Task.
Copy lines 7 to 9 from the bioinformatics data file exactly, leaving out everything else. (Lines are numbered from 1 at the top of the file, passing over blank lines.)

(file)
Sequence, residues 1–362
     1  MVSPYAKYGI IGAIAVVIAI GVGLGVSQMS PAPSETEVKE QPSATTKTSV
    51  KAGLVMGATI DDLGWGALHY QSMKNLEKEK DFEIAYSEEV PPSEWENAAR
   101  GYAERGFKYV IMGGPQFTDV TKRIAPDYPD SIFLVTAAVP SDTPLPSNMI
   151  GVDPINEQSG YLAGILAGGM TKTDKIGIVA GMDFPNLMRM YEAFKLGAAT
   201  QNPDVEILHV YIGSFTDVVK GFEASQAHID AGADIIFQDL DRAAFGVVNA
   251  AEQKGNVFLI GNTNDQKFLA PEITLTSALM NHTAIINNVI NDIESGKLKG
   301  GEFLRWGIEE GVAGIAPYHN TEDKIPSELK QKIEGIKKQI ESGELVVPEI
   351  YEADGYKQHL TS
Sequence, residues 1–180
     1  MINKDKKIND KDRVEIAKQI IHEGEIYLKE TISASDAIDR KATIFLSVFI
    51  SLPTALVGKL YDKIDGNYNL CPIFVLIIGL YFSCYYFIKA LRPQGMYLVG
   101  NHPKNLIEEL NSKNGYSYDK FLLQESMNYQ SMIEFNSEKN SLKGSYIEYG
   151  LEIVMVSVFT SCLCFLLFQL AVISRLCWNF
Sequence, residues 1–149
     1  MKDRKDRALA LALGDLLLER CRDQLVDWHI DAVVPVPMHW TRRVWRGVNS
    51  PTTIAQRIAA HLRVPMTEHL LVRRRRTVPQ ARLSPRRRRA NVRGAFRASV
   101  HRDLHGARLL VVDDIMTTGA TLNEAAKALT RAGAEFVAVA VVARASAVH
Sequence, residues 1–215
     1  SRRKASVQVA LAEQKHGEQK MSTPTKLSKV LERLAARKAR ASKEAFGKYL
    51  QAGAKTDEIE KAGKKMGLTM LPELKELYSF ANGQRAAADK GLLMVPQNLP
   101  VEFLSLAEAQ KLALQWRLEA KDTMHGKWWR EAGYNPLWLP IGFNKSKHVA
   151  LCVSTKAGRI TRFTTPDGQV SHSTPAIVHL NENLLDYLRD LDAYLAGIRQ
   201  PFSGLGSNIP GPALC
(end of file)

   251  AEQKGNVFLI GNTNDQKFLA PEITLTSALM NHTAIINNVI NDIESGKLKG
   301  GEFLRWGIEE GVAGIAPYHN TEDKIPSELK QKIEGIKKQI ESGELVVPEI
   351  YEADGYKQHL TS